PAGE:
The Nexus One pushed for more adoption of faster processors, AMOLED screens, LED notifications, and a secondary microphone for ambient noise cancellation. Some of these features were adopted (faster CPUs, secondary mics), some weren't (LED notifications). The Nexus S pushed for larger internal storage and less reliance on SD cards, front-facing cameras, NFC chips, and faster GPUs. Again, most of those features have become standard, with the exception of NFC. The Galaxy Nexus is pushing HD resolution screens, NFC (still), and no physical function buttons.

Unintended consequences

These basic characteristics of what a Nexus device would be had some unintended consequences. First, pure Android alienated more controlling carriers (Verizon, AT&T) because those carriers didn't want to give users free and easy ways to tether their phones to other devices, or install apps from any source. This meant that the devices were relegated to smaller carriers like T-Mobile, which were willing to take risks with more open policies, because they just needed more business. 

In turn, this alienated many mass market consumers because the Nexus devices weren't available on the most popular carriers, and could only be purchased outside of the traditional system. The Nexus One was the worst offender, being available only for purchase through Google's website. The Nexus S found a bit more success being sold in Best Buy and eventually Sprint stores, but it was still too limiting. Additionally, stock Android was not the prettiest OS, so simply the look of it turned off some more casual consumers, especially when viewed next to an HTC Sense device. In general, casual consumers either didn't know the Nexus devices existed, or they didn't understand the point of such a device.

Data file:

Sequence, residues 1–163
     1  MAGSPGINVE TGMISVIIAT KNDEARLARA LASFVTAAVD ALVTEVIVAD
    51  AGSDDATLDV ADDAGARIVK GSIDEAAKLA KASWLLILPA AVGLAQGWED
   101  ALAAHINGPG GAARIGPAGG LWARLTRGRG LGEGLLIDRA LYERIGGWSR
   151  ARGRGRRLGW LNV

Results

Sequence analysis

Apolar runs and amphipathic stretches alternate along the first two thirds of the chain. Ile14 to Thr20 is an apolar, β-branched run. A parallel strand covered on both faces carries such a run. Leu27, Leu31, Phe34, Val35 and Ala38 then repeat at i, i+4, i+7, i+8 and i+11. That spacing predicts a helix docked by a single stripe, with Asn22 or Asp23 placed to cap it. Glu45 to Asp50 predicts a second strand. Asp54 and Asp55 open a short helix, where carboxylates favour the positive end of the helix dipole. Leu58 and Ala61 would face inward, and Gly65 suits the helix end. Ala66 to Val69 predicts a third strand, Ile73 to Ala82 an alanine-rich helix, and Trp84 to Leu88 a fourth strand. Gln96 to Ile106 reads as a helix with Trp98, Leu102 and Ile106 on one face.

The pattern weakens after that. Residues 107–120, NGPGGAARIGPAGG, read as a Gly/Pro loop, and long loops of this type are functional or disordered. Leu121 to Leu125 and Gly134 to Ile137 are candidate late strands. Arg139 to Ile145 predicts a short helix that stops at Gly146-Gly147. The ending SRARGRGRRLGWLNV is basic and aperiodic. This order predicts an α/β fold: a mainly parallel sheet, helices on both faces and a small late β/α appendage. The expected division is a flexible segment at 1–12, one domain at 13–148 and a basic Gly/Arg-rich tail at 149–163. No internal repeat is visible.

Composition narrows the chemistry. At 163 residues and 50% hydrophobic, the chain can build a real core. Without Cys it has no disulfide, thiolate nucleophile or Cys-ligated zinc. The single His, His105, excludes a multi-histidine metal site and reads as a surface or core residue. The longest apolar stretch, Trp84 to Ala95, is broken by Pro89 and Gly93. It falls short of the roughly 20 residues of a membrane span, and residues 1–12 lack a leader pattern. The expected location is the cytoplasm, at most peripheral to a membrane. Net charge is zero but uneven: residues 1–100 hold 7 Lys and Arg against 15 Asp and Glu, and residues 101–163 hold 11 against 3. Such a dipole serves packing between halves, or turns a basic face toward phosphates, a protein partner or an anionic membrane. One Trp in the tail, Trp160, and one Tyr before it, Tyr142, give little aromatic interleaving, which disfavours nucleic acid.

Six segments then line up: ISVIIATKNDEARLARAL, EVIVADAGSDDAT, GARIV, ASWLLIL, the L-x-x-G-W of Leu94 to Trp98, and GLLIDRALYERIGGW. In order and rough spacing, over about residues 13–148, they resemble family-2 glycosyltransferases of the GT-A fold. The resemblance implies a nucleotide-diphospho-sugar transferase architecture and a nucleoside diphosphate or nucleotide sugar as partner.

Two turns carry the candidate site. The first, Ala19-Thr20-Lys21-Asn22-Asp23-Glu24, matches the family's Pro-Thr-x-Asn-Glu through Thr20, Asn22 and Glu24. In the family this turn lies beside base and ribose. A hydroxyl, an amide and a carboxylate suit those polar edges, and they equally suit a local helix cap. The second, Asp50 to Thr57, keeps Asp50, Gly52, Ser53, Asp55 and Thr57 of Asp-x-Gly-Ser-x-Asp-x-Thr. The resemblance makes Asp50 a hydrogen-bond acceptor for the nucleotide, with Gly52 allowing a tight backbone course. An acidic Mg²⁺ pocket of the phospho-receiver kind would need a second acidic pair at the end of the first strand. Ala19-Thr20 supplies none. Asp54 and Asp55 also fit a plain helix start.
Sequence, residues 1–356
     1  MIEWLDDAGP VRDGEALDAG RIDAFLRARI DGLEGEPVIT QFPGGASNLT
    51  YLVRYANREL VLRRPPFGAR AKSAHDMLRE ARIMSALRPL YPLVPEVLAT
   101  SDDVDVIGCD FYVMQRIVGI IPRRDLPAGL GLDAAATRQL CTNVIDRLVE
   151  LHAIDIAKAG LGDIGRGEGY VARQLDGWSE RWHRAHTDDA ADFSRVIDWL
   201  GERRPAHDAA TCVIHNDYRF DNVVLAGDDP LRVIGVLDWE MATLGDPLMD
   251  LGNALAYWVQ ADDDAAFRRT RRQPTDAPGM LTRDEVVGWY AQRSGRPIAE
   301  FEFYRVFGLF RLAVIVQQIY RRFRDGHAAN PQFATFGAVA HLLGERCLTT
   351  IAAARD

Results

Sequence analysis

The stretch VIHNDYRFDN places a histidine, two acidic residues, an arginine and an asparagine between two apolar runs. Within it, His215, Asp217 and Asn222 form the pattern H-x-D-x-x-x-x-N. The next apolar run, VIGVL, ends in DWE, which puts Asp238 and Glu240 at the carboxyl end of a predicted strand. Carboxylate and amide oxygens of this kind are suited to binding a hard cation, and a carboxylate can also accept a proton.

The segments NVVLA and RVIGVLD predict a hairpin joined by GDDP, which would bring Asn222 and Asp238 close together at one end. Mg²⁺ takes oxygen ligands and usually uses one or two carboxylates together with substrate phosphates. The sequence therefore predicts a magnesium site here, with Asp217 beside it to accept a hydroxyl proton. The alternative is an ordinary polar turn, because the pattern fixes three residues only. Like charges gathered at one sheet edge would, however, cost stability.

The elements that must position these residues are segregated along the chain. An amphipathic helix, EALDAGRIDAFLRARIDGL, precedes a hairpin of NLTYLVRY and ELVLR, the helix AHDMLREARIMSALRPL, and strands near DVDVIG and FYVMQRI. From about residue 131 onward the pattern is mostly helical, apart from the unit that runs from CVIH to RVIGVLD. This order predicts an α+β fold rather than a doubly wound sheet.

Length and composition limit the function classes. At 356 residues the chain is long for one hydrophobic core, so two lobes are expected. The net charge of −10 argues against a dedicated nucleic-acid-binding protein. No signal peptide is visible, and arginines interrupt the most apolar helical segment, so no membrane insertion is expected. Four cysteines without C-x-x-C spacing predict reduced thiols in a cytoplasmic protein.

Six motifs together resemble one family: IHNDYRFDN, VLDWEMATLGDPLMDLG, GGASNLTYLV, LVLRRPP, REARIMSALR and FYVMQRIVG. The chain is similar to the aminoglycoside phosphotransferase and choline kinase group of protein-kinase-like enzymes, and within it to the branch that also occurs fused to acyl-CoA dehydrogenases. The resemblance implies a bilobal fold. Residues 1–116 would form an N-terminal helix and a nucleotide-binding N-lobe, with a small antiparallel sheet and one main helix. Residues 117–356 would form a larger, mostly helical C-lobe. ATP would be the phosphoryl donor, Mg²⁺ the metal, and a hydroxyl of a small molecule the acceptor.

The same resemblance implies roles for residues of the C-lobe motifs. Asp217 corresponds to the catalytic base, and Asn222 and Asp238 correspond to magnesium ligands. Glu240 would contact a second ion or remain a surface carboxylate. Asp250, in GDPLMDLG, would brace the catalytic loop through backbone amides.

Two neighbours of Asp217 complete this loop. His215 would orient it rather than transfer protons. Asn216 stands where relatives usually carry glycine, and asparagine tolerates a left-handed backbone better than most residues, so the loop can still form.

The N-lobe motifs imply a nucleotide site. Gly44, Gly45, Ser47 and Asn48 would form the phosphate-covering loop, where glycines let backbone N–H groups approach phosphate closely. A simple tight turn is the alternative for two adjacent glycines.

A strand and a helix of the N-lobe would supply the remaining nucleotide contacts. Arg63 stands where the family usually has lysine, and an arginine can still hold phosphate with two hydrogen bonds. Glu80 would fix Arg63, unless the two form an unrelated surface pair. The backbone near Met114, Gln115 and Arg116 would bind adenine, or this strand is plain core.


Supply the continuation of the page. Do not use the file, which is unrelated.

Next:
Consequently, the Nexus devices became synonymous with early adopters, the mod community, and hardcore Android fans in general. Only the most dedicated knew about the devices, why they were special, and why they were necessary to the Android ecosystem as a whole. As always happens with cult items like this, the hardcore community took something of ownership in the Nexus brand, and that brand is changing.

The Galaxy Nexus pivot

The Galaxy Nexus is the first Nexus device that is actively being marketed as a mass market device. This is not just a developer device, or an early adopter device, or a device for uber-geeks. This is a device for everyone. This new philosophy is shown not only in the UI overhaul of Ice Cream Sandwich, but in the advertisements for the Nexus, the selling price of the device in some regions, and its upcoming availability on Verizon. It is still a Nexus device, the trouble is that it's feeling less and less like a Google device because it seems that Google has had to cede more and more control in order to get this Nexus to a wider audience. We even saw that in the videos introducing Android 4.0 that Google posted yesterday show Galaxy Nexus phones where the Verizon branding on the back is by far the prominent logo.